Nine states have announced divestment from BlackRock (Figure 2). The investment firm manages just under $8 trillion in assets and believes consideration of ESG factors mirrors the diversity of its client base and reflects the reality that corporations will be facing in the future because of climate change. Arizona Treasurer Kimberly Yee (R) has accused BlackRock of moving “from a traditional asset manager to a political action committee.”
Miranda Willson and Jason Plautz point to Texas as the model of things to come—not just in the Lone Star State. They conclude that Texas’s proposed preemption statutes “exemplify recent efforts in Republican-controlled states to boost fossil fuels at the expense of renewables amid rapid changes to the energy resource mix.”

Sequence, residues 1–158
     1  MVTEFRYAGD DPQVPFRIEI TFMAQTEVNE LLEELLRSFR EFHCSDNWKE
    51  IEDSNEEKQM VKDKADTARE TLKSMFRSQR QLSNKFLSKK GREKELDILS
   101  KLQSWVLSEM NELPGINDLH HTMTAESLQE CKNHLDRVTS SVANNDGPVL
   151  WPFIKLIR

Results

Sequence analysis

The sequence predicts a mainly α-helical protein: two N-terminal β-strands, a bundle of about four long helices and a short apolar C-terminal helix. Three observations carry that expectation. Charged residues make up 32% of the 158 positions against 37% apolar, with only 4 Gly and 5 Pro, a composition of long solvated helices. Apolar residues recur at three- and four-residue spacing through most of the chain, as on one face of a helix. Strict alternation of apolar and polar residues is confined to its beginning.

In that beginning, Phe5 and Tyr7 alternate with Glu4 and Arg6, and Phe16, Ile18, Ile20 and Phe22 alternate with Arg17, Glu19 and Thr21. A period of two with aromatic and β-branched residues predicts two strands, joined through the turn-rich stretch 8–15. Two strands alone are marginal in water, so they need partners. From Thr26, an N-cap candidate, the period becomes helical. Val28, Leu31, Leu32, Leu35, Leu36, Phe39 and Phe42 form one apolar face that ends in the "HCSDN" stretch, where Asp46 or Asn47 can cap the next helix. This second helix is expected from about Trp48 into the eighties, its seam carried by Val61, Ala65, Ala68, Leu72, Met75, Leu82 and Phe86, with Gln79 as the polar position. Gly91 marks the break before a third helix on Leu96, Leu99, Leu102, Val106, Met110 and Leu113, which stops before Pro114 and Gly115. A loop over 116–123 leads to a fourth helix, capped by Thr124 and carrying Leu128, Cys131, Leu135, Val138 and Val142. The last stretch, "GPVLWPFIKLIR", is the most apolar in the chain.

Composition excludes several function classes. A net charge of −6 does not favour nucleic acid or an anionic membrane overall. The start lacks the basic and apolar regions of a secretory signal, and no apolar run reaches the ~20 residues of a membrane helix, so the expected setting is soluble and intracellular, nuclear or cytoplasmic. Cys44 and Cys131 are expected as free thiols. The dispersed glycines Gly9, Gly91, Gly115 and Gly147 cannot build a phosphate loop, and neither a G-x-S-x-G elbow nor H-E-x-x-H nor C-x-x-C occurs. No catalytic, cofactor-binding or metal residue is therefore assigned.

The actions by the Texas legislature are causing clean energy developers to have second thoughts. Judd Messer, the Vice President for the Advanced Power Alliance, phrases the concerns this way:
“We’ve got billions of investment dollars that we’re hoping to bring to Texas, and that’s at risk if the government is going to be punitive.”
Texas is hardly alone in attempting to thwart the development and deployment of clean energy technologies. In Ohio, the state legislature passed legislation that allows counties to ban large-scale solar and wind farms. Ten predominantly red counties have already exercised their newly granted power, to the chagrin of clean energy developers.
Fossil-fuel reliant states like Ohio and Texas are among the most aggressive in the effort to limit the use of citizen-led state ballot initiatives (Figure 3).
Energy and climate are hardly the only targets of the 23 GOP-controlled states like Texas, whose trifecta state governments, i.e., legislatures, governors, and attorneys general, are under Republican rule. The list of topics is long. It includes abortion, voting rights; zoning; education; healthcare; LGBTQIA+; police powers; election reforms; ballot initiatives; and censorship.